Review | Bombshell | 2019

Megyn Kelly (Charlize Theron, left), Gretchen Carlson (Nicole Kidman, center), and Kayla Pospisil (Margot Robbie, right) in BOMBSHELL.

In 2016, infamous Fox News chief Roger Ailes was accused by former "Fox and Friends" anchor Gretchen Carlson of sexual harassment. This opened the door to more women coming forward with accusations of their own, eventually leading to Ailes' ouster from the company.

Ailes (John Lithgow) was one of the most powerful people to be brought down by sexual harassment accusations in the days before the #MeToo movement (which wouldn't begin until a year later). The scandal is recreated a Jay Roach's Bombshell, which dramatizes the events leading up to Ailes' ouster from the point of view of Carlson (Nicole Kidman), anchor Megyn Kelly (Charlize Theron), and ambitious Fox employee, Kayla Pospisil (Margot Robbie). Roach is no stranger to ripped-from-the-headlines dramas, having directed Game Change, All the Way, and Recount for HBO over the years. He's also the filmmaker behind Trumbo, a star-studded but messy biopic that featured a star-studded cast portraying the stars of yesteryear.

Bombshell doubles down on many of the issues that plagued Trumbo, in many cases substituting "Saturday Night Live" style caricatures for real people in such a way that distances the audience from the human elements of the story. While the three leads are all uniformly excellent (Theron is especially uncanny as Kelly), appearances by Richard Kind as Rudy Giuliani, Tony Plana as Geraldo Rivera, and Kevin Dorff as Bill O'Reilly are all cringe-inducing parodies that seem like they belong in a different film. There comes a point when filmmakers need to let their actors do their work and trust that the audience will go along with them rather than hold their hands and try to make everyone look exactly like their real-life counterpart (that the real-life people are sometimes seen in stock footage doesn't help the comparison). A Beautiful Day in the Neighborhood is a terrific recent example of how to do this right. Tom Hanks never particularly looks like Mr. Rogers, but he captures his essence so thoroughly that we never question it. Why, then, does Bombshell feel the need to parade a series of actors in ghoulish makeup and ridiculous wigs to make us recognize who they are? They're already flashing subtitles across the screen at the appearance of every recognizable character - Roach is attempting to do all the heavy-lifting for us and the results are remarkably shallow.

There are also much thornier issues at play here that Roach seems unwilling to explore. While there's no doubt that these women were victims, they were also willing participants in the culture of fear, racism, and misinformation that the film lampoons but never really interrogates. We see Kelly make her infamous "Jesus was white" statement, and Kate McKinnon pops up to explain how Fox operates as a machine built on terrifying older viewers with minority boogeymen, but the entity of Fox News as we know it is almost treated like a joke, its insidious influence on the culture at large mostly swept under the rug. That might be due to the fact that it complicates the heroic image of Carlson and Kelly that the film is trying to concoct. They may be the heroes of this story, but they are villains in another, wholly complicit in Ailes' bigoted social engineering experiment as they fight for a justice for themselves that they never afforded the marginalized communities they helped demonize on a grand scale.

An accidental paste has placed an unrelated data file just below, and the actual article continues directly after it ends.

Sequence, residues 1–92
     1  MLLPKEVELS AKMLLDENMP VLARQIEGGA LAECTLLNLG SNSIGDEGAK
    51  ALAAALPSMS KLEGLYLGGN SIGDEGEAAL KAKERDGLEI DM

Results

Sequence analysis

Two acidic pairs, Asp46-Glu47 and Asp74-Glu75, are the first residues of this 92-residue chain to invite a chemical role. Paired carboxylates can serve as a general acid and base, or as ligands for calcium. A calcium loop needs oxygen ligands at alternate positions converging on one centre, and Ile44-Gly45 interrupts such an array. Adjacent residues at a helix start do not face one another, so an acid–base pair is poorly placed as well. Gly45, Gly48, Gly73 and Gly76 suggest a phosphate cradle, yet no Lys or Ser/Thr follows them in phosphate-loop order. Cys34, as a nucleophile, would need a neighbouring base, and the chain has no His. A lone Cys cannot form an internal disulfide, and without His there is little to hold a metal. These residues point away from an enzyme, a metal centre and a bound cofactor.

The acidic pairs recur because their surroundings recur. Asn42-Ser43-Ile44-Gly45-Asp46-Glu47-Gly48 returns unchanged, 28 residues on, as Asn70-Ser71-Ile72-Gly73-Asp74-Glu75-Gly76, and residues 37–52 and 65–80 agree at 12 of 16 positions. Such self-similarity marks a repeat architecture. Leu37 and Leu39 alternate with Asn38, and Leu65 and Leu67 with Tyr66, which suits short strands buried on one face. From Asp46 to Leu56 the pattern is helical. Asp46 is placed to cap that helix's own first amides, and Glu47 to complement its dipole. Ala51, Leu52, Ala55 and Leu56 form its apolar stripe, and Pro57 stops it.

John Lithgow stars as ‘Roger Ailes’ in BOMBSHELL. Photo Hilary Bronwyn Gayle.

I don't want their stories swept under the rug, or the bravery of coming forward and speaking up to be ignored, but I can't help but think that Bombshell does its story a grave disservice by making light of the larger issues at play at Fox News. The legacy of Megyn Kelly and Gretchen Carlson is not simply as feminist heroes who brought down a creep (the word feminist is tossed around in the film as a pejorative term that no woman wants anything to do with) and ended a toxic workplace culture. Or did they? Ailes may be gone, and with him the idea of the "casting couch," but has Fox really changed? Of course they haven't, it remains a bastion of white supremacy, sexism, and distorted truth on a staggering scale that hasn't gotten any better because the women on air are no longer forced to wear short skirts. It's that legacy, to which Carlson and Kelly are irrevocably tied, that Bombshell seems content to ignore, using the network's well known biases as fodder for cheap laughs aimed directly at the choir rather than an invitation to dig deeper into a messy story with no end in sight.

One day I'm sure there will be a film that will be the definitive portrait of the irrevocable damage done to our country by Fox News and its acolytes. But Bombshell isn't it. Because as it rightly points out (in a different context), anyone who has ever worked there will always be associated it. While it takes great courage to stand up to powerful men, and to the culture of a workplace whose values you inherently share, Bombshell takes a timid approach to exploring its protagonists role within, instead content to awkwardly play the parody in ways that are funny for all the wrong reasons.

GRADE - ★★ (out of four)

BOMBSHELL | Directed by Jay Roach | Stars Charlize Theron, Nicole Kidman, Margot Robbie, John Lithgow, Allison Janney, Kate McKinnon, Malcolm McDowell, Mark Duplass | Rated R for sexual material and language throughout | Opens Friday, Dec. 13, in theaters everywhere.


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